All Creatures Great and Small

Some years ago, while pondering the summertime rhythms when folks are going and coming, the pastors decided to create a preaching theme for the season. The faces in the pulpit and pews change from week to week, but a series of sermons on a particular topic would provide a sense of continuity. One year, we polled the congregation and asked what theological themes you would like for the preacher to address. Two summers were spent preaching the Old and New Testament stories we teach our younger children. To our surprise there were texts to which a grownup member would say, “I’ve never heard that Bible story before,” and those summers took on the feeling of Vacation Bible Camp for adults!

The pastors have come to realize that a creative engagement with a summer preaching series allows us to explore significant passages of scripture and themes that don’t always fit into the church’s rhythms of the Fall Stewardship season, Advent, Lent, and Eastertide. While each preacher is free to choose what to preach about, we coordinate the series and work together with our musician colleagues to create a unifying offering of worship.

Earlier this spring, we brainstormed ideas and felt called toward Rachel Pedersen’s suggestion of preaching Biblical texts that feature animals. Now, lest you think this topic might be all light and whimsical, some of the most profound passages of scripture feature a diverse creaturely world. We find God revealed through stories from a serpent in the Garden of Eden to Isaiah’s vision of peace with the wild and tame together as wolf and lamb, calf and lion are led by a little child; from the birth of the Christ child in a stable to an adult Jesus imaging himself a Mother Hen and telling tales about sparrows, camels, and sheep. All the scripture stories of animals help us understand the depth and breadth of God’s desire for human welfare.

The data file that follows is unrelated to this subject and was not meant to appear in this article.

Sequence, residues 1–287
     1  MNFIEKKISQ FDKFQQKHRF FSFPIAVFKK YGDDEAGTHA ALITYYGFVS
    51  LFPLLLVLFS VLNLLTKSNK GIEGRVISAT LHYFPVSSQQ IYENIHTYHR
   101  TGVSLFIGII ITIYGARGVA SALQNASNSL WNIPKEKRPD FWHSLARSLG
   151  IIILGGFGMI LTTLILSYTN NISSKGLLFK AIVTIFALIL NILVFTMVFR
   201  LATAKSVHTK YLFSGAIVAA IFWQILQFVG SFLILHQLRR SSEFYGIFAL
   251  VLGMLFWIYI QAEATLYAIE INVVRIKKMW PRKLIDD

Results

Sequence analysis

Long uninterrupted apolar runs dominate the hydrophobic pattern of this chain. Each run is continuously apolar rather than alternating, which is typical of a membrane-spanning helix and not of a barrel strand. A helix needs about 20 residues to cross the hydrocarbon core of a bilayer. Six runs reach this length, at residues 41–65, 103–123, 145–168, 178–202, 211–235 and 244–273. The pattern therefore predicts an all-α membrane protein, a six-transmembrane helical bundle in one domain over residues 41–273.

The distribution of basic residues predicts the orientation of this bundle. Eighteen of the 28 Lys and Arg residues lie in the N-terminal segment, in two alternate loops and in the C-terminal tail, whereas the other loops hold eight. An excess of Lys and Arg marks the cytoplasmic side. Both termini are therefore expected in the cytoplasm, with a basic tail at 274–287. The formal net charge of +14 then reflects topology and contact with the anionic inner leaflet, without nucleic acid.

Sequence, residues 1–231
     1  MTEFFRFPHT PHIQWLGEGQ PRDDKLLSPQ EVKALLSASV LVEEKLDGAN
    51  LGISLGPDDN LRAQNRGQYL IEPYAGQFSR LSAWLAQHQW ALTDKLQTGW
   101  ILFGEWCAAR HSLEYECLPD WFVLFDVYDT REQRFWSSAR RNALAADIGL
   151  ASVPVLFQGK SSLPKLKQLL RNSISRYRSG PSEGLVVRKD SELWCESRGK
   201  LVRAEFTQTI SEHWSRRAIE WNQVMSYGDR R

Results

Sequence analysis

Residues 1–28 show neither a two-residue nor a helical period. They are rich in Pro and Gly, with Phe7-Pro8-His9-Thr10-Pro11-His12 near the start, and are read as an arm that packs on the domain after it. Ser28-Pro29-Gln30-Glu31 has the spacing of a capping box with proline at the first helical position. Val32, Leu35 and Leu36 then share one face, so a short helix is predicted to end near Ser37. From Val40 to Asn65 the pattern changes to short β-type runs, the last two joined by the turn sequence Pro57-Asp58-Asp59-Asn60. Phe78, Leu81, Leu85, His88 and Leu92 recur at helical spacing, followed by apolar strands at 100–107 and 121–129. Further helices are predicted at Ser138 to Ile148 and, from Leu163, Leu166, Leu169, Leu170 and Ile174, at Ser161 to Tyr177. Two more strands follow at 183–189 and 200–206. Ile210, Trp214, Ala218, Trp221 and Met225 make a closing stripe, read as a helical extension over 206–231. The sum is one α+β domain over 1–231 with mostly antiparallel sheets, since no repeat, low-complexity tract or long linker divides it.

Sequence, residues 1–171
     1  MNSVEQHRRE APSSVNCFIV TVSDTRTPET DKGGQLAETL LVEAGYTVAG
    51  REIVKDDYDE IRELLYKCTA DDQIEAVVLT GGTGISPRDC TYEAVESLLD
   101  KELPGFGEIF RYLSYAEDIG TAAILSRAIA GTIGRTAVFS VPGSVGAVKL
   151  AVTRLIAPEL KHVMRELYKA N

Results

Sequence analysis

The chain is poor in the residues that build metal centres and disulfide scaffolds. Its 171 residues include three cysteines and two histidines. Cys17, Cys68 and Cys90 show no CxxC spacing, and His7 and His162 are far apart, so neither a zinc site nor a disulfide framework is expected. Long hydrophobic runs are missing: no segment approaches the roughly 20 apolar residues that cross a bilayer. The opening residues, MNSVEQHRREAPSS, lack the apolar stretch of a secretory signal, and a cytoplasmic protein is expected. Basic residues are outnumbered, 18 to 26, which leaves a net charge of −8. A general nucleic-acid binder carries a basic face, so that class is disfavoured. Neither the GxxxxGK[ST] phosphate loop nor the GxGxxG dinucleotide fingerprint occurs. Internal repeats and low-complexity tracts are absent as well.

This Sunday, I will launch the series with a preamble, if you will, on the Genesis 1 account of creation and follow with a three-week series on the most famous fish story of all time, Jonah (which also includes cattle covered in sackcloth and God’s appointment of a very important worm). Then, the summer series will continue with my good colleagues taking up texts that further reveal the essential goodness of God’s creature-inhabited world.

For the theme's name, of course, we thank James Herriott for lifting the title for his heartwarming book, All Creatures Great and Small, from the hymn All Things Bright and Beautiful. If you are looking for summer reading, the Yorkshire veterinarian’s books would be good companions, or you could enjoy watching his stories play on the recent PBS Masterpiece Theater series. One of Herriot’s more famous lines is, “If having a soul means being able to feel love and loyalty and gratitude, then animals are better off than a lot of humans.” That must be, at least in part, why the Bible is filled with stories, visions, and revelations that feature animals. This summer, I hope you will join us in delighting in the beauty and profound truths revealed through God’s creaturely engagement with the human family.